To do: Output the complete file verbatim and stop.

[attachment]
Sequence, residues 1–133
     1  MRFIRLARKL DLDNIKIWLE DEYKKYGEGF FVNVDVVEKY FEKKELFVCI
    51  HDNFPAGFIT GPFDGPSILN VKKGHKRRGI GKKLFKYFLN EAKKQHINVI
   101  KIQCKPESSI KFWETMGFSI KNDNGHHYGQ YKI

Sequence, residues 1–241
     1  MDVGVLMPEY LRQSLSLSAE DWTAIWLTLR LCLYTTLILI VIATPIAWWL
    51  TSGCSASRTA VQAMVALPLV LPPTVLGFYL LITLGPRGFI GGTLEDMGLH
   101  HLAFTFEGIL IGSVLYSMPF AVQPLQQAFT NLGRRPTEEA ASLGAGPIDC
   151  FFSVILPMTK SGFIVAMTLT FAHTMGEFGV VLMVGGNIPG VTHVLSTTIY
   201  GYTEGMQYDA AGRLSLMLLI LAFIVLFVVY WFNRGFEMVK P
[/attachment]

Sequence, residues 1–133
     1  MRFIRLARKL DLDNIKIWLE DEYKKYGEGF FVNVDVVEKY FEKKELFVCI
    51  HDNFPAGFIT GPFDGPSILN VKKGHKRRGI GKKLFKYFLN EAKKQHINVI
   101  KIQCKPESSI KFWETMGFSI KNDNGHHYGQ YKI

Sequence, residues 1–241
     1  MDVGVLMPEY LRQSLSLSAE DWTAIWLTLR LCLYTTLILI VIATPIAWWL
    51  TSGCSASRTA VQAMVALPLV LPPTVLGFYL LITLGPRGFI GGTLEDMGLH
   101  HLAFTFEGIL IGSVLYSMPF AVQPLQQAFT NLGRRPTEEA ASLGAGPIDC
   151  FFSVILPMTK SGFIVAMTLT FAHTMGEFGV VLMVGGNIPG VTHVLSTTIY
   201  GYTEGMQYDA AGRLSLMLLI LAFIVLFVVY WFNRGFEMVK P